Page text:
Finding an inhabitant in Lost Springs, Wyoming, is tough. It's not deer season, and the mayor/bar-owner has her hands full tangling with the U.S. Census Bureau.
It is hard to find anyone at home in Lost Springs, Wyoming.
I should know – I’ve tried, on several occasions. A few years ago my motive to visit Lost Springs was to hang out at the Lost Bar as part of my “research project” to visit and document some of Wyoming’s remote watering holes-cum community centers. The Lost Bar was on a route, more or less, between the Western Saloon in Glendo and the Bill Yacht Club in Bill (population somewhere between 5 and 10, depending on the railroad schedule).
If the name Lost Springs sounds familiar, it may be because the town made national news of late. The victim of an egregious misapplication of arithmetic, Lost Springs was credited in the 2000 census with a population of only one, instead of the actual count of four. Many passing motorists’ heads have swiveled at the Population One sign on moderately busy U.S. Highway 18/20. And as goes the head, so goes the car, bewitching travelers into taking pictures of each other standing in front of the sign. Once they’ve stopped, they can’t resist the allure of the Lost Bar, the Lost Springs Post Office & Antique Store, the inviting grassy town park complete with swing set, and the pleasant public restroom.
My first visit to town was on the bar tour with my husband, part of a meandering Wyoming vacation. We were driving our light-duty SUV and had brought along our canoe, blue and wide, better suited to floating Glendo Reservoir than being strapped keel-up to the roof of our vehicle. But one can’t just shrink a canoe once its usefulness is temporarily on hold, so along with us it came over dry land, along the back roads of eastern Wyoming’s grasslands and ranch country.
Our first stop upon reaching Lost Springs was the grassy park (for our dog) and the public restroom (for ourselves). We took in the sight of the imposing, bright-white Lost Bar, deserted looking on this early weekday summer afternoon. We decided to kill a bit of time in case the bar was set to open later and made our way to the store, run by who we supposed at the time was the town’s one resident, Art Stringham.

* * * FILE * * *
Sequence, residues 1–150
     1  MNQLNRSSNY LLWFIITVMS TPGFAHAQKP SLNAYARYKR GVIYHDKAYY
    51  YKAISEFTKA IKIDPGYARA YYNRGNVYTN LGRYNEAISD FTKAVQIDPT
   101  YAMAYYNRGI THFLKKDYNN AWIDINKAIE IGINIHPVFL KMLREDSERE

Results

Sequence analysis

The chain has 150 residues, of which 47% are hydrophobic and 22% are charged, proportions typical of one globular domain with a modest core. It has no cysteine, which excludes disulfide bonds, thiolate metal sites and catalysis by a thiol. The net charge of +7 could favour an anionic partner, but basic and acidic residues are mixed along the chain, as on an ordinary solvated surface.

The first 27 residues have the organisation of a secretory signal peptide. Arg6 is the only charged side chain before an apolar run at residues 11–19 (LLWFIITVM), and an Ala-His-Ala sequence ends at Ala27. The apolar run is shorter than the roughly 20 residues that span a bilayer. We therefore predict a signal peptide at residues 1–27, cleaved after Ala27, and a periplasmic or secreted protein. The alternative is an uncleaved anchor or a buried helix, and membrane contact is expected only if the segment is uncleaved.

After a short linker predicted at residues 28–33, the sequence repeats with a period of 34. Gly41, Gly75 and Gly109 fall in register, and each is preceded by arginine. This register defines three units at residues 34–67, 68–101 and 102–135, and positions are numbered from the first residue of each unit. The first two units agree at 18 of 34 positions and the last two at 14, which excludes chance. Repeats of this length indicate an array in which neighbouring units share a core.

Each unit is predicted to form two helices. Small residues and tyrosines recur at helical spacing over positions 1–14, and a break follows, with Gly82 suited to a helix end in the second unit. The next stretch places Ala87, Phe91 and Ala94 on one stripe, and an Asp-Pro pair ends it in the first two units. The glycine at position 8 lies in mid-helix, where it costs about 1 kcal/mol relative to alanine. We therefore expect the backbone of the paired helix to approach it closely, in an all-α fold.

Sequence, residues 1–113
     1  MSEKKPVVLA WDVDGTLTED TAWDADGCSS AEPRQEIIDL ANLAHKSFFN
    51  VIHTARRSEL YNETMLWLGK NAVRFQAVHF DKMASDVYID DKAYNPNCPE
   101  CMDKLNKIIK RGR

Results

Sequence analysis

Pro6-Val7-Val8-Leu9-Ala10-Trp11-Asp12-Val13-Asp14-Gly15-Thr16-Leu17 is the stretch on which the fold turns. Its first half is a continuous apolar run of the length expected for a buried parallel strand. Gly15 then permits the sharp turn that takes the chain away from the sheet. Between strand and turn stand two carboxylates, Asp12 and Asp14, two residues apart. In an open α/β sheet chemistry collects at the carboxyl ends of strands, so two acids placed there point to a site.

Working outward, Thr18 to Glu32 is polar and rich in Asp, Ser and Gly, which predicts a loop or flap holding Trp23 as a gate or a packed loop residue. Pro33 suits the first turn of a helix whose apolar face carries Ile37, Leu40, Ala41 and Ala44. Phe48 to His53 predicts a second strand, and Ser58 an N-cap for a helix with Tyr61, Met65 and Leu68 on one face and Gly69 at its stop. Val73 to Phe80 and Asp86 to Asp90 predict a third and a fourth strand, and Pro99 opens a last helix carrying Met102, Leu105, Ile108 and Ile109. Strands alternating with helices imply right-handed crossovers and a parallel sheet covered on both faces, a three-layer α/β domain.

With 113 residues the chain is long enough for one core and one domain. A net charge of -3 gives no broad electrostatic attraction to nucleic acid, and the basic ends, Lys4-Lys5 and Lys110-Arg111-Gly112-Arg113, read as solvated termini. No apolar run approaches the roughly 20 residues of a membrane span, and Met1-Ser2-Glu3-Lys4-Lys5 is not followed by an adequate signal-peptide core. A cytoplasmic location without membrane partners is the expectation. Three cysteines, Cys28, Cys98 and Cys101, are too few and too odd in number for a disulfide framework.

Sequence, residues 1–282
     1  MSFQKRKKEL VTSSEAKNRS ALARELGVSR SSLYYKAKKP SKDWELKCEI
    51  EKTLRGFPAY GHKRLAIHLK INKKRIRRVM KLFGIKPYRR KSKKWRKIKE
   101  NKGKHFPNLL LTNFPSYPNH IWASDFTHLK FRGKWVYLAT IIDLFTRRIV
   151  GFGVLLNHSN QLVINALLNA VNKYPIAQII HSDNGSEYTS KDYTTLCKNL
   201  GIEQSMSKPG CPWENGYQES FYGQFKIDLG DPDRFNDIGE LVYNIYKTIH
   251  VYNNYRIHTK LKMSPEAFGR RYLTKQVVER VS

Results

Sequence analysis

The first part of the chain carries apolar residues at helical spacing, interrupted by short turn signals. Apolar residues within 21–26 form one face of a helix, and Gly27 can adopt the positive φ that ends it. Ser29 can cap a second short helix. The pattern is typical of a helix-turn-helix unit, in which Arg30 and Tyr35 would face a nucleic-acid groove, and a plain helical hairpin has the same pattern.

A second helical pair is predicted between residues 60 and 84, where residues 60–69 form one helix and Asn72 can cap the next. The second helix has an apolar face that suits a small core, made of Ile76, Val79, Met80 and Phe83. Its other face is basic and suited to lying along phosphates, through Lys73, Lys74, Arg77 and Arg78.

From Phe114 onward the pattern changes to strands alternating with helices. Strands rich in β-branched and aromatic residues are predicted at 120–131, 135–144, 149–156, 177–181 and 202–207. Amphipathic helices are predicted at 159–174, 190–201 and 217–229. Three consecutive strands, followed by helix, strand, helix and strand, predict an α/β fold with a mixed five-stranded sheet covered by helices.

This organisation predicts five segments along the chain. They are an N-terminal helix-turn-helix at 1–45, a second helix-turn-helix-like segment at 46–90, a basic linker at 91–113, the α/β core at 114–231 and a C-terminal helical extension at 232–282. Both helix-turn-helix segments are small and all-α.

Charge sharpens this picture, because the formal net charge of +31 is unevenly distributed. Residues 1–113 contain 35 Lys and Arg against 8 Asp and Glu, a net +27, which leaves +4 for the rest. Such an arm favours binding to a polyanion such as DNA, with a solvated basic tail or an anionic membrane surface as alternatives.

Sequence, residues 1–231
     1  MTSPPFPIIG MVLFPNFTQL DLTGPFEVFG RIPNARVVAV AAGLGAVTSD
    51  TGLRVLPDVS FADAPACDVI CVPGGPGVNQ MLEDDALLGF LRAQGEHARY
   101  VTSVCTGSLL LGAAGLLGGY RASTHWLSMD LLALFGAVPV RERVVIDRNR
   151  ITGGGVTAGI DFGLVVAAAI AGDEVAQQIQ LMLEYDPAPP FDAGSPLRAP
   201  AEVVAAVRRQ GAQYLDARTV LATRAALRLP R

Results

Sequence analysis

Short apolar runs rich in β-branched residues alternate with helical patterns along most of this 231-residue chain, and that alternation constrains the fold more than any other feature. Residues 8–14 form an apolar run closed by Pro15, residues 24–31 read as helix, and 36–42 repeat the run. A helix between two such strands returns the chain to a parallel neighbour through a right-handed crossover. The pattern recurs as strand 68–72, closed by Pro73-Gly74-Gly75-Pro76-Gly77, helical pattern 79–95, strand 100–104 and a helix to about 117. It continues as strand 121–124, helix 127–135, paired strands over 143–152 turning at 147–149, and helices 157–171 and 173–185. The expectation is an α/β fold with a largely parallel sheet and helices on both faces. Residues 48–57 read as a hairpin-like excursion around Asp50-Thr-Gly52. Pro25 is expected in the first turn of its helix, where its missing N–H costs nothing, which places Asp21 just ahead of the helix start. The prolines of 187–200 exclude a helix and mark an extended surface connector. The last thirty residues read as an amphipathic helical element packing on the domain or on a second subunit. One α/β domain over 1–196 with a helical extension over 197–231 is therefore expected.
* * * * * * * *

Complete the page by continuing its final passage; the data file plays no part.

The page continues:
We learned from him, to our great disappointment, that the proprietor of the Lost Bar, Leda Price, mostly kept the place open during hunting season. That was still months away, so we mentally booked another trip to this area of the state and set our caps for Bill.
We needed back-road directions to get there, not wanting to risk our blue canoe against the turbulence of semi-trucks on the highway. We showed Stringham our state map and our Wyoming topographic atlas, which presented contrary evidence about what roads went where and what they were called. He gave us directions for the best route to Bill, complete with local place names and lots of red-herring warnings (“You’ll see a big barn: don’t turn there!”).
Feeling confident of our route, we politely browsed through the antiques, mostly the sorts of thing we already have at home and wonder how to dispose of.
Then I felt the tug of an object I was meant to have and let the strong current of fate pull me to a low glass case of salt-and-pepper shaker sets. There among the dog and cat, the penguins, and the twin Eiffel towers sat a china shaker set that appeared to have been dropped off somebody’s kitchen table once too often. It wasn’t the condition of the set that mattered, though. For the shakers presented the journey of Lewis and Clark’s Corps of Discovery, specifically, a 100th anniversary commemoration of the event, as marked by the Portland Recon of 1905. The pepper shaker depicted a long low building featuring arched doorways and flagged turrets. The salt shaker portrayed the two captains being guided to a sunlit Pacific Ocean by none other than the flag-draped spirit of Columbia.
When I saw those 100-year old shakers I knew they were worth every bit of the eight dollars being asked for them, at least to this Lewis-n-Clarky gal. Stringham, in an act of good will, threw in a free button, yellow with a faded red cardinal, imprinted with the words “Get Lost in Lost Springs.”